argument top image

Why do people believe in conspiracy theories?
Back to question

There are Existential motives for believing in conspiracy theories

People turn to Conspiracy Theories when they're anxious and feel powerless. Research suggests conspiracy belief is strongly related to lack of sociopolitical control or lack of psychological empowerment.
< (2 of 5) Next argument >

The Argument

Causal explanations ("this happened because of that") serve the need for people to feel safe and secure in their environment and to exert control over the environment as autonomous individuals and as members of collectives. People who lack instrumental control may be afforded some compensatory sense of control by conspiracy theories, because they offer them the opportunity to reject official narratives and feel that they possess an alternative account. [1] Other scholars point to the idea that conspiracy‐theory endorsement may be a compensatory reaction to perceptions that society's essential character is changing. [2] Unfortunately, the research also shows conspiracy theory thinking only reinforces that sense of political alienation and disempowerment. [3]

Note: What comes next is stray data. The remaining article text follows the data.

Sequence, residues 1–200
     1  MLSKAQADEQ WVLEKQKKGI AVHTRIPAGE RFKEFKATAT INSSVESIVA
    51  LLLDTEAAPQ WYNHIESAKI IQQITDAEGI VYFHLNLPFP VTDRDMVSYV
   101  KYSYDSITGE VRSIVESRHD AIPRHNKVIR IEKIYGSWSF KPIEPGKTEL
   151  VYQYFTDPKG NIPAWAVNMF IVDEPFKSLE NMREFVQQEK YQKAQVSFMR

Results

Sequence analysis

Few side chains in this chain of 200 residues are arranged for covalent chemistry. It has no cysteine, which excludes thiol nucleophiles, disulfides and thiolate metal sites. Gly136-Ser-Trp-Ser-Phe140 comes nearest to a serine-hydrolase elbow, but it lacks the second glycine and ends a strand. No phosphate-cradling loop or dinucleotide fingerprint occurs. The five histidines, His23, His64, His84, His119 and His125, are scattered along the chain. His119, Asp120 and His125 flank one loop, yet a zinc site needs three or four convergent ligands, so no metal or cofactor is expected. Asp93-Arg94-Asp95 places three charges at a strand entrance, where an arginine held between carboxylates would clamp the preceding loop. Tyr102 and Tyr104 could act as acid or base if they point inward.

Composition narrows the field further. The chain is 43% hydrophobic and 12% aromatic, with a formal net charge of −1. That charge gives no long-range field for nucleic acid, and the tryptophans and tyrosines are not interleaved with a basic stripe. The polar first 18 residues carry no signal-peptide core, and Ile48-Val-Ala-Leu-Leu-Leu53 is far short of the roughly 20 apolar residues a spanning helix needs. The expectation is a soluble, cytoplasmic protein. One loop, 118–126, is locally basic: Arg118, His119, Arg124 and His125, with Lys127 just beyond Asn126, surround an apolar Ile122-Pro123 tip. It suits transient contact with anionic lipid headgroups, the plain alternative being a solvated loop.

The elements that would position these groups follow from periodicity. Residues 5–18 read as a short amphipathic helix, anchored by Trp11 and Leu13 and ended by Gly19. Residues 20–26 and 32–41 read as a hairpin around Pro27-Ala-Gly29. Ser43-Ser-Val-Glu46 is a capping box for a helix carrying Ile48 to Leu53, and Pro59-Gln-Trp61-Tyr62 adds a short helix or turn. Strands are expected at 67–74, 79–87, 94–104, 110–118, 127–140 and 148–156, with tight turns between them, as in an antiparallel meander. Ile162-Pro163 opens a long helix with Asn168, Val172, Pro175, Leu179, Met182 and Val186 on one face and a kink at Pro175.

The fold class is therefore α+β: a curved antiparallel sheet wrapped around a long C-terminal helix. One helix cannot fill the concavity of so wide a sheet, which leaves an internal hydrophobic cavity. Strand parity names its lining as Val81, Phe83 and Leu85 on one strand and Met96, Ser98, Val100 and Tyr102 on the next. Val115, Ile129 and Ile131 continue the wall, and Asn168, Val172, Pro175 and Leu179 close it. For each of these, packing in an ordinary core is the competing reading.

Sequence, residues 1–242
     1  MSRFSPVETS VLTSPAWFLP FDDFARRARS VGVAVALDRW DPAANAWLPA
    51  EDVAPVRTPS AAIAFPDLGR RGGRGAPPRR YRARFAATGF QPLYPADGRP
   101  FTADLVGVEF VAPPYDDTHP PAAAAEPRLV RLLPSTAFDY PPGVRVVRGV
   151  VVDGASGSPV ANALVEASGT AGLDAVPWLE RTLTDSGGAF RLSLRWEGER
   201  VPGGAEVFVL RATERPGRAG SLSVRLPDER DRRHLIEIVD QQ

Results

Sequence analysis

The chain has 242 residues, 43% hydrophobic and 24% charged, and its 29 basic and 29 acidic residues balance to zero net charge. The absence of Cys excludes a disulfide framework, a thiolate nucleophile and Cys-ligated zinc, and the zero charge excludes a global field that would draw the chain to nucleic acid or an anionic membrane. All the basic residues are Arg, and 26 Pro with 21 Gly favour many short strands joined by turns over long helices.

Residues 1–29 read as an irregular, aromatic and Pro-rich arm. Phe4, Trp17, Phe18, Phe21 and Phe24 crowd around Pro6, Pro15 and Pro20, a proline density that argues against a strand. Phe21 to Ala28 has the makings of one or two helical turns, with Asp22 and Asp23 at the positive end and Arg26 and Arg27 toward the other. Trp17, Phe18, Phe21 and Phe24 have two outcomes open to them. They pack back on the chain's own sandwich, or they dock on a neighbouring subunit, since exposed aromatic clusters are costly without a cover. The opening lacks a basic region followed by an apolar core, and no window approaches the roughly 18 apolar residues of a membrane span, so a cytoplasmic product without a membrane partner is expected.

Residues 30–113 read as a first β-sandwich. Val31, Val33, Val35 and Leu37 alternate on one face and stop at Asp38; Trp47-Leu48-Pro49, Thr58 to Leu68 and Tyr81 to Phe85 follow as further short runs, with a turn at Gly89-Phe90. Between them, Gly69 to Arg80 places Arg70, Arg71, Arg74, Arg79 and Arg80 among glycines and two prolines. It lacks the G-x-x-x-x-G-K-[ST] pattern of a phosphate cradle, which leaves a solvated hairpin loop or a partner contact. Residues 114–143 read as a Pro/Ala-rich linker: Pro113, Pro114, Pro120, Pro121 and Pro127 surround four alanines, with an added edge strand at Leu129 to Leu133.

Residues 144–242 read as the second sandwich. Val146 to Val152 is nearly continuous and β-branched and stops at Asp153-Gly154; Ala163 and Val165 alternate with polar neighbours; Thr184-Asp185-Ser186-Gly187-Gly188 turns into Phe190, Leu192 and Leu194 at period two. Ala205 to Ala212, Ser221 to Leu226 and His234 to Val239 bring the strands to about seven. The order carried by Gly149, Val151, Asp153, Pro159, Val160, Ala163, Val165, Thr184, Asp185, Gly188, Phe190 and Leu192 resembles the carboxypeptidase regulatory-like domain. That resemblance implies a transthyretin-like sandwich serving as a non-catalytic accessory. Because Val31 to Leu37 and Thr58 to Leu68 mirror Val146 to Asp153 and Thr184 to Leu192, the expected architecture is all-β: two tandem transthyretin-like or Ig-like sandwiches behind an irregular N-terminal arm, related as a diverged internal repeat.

Counter arguments


Rejecting the premises


This page was last edited on Friday, 24 Jul 2020 at 10:51 UTC

Explore related arguments